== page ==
This week the government faced fresh criticism over widening attainment gaps for disadvantaged students and calls for a clear plan to be put in place to reduce education disruption in the next academic year. The APPG for Childcare and Early Education has also written to government, urging them to address shortfalls in early years funding. At the Montessori Group, we welcomed Sarah Ferguson, Duchess of York, as the Chair of the new International Montessori Ambassadors group.
Duchess of York to become Chair of International Montessori Ambassadors
This week, we welcomed Sarah Ferguson, Duchess of York, as the Chair of the newly formed International Montessori Ambassadors group. Made up of senior figures in the social impact space and education, the new International Montessori Ambassadors will support the Montessori Group’s focus of honouring Maria Montessori’s humanitarian legacy and drawing on the Montessori values to build new partnerships and have a positive social impact internationally. Further information is available here.
APPG calls for meaningful review of early years funding
The All Party Parliamentary Group for Childcare and Early Education, of which the Montessori Group is a sponsor, has called on government to address flaws in the funding of early years provision. In a letter to Chancellor Rishi Sunak and Education Secretary Gavin Williamson, the APPG has asked the government to use the upcoming Spending Review to provide almost £3,000 per child to the sector, to ensure they can meet the needs of children and support parents getting back to work to help drive a post-Covid economic recovery. Find out more in Nursery World.
We strongly support this call and believe the government must act now to protect the education and future of children at the youngest ages. In a letter to editor published in Bradford Telegraph and Argus, MCI’s Head of Education Preeti Patel discusses the importance of early years settings receiving financial support to enable the continuation of high quality provision.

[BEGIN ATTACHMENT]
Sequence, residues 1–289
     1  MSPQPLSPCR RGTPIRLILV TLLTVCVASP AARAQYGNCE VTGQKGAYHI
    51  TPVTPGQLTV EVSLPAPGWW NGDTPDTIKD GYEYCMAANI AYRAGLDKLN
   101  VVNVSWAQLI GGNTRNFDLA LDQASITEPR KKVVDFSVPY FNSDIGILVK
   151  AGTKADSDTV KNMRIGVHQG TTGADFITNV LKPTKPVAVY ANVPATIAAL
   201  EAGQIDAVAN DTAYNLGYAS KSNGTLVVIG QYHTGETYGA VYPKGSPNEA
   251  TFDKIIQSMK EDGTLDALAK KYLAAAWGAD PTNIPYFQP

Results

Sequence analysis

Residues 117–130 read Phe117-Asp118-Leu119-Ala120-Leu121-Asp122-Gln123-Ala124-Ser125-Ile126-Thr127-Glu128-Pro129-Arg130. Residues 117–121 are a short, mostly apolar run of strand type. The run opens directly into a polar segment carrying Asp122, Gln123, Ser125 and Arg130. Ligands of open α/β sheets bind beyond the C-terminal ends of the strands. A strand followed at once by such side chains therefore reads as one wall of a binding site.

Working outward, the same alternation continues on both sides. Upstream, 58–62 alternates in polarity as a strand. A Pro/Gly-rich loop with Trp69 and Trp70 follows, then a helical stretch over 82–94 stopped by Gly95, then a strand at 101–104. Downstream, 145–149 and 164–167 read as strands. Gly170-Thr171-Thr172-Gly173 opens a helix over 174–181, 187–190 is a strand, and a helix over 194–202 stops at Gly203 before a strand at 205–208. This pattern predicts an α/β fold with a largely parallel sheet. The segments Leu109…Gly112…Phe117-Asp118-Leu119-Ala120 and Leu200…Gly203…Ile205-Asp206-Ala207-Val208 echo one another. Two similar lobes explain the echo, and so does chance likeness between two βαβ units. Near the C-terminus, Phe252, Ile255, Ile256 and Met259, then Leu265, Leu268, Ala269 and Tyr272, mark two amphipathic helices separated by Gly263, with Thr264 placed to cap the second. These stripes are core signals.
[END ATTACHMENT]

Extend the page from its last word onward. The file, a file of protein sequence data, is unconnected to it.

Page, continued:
Attainment gap reported for disadvantaged students
The Education Select Committee has accused the government of a lack of support for disadvantaged white students. A newly published report showed that white pupils on free school meals underachieve from the start of school, through to A-levels, compared with pupils on free meals from other ethnic groups.
As covered in Children and Young People Now, committee chairman Robert Halfon criticised the government for doing so little to address this gap in attainment, with almost a million young people affected across the country. To close the gap, the Committee is calling for a tailor-made approach to investment in early years support and family hubs.
However, the report has fuelled a so-called ‘culture war’ row in Westminster, with Conservative members of the Education Select Committee accused of inserting the controversial claims for political reasons. Labour members of the Committee refused to back the publication of the report, stating: “To make recommendations which pit different groups within our multi-ethnic working class against each other in a struggle for meagre resources is to do an injustice to our most disadvantaged children, including specifically white communities that have been ‘left behind’”. Read more in the Independent.
School absences on the rise
A quarter of a million children in England missed school last week because of Covid infections, self-isolation, or school closures. The Guardian reports that it was the most disrupted week since schools fully reopened in March, with the upsurge most marked in northern centres such as Oldham. School leaders are calling for children to be vaccinated, to reduce education disruption in the next academic year.
However, as discussed in Daily Telegraph, the government is yet to make a decision on whether children will be offered Covid jabs.